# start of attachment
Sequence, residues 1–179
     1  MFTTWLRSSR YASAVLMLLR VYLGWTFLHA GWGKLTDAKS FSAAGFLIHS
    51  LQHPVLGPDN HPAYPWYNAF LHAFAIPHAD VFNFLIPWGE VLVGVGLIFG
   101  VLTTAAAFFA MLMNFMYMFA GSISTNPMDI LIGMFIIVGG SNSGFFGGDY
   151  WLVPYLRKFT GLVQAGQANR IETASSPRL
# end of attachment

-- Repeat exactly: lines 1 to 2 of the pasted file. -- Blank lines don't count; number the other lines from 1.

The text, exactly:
Sequence, residues 1–179
     1  MFTTWLRSSR YASAVLMLLR VYLGWTFLHA GWGKLTDAKS FSAAGFLIHS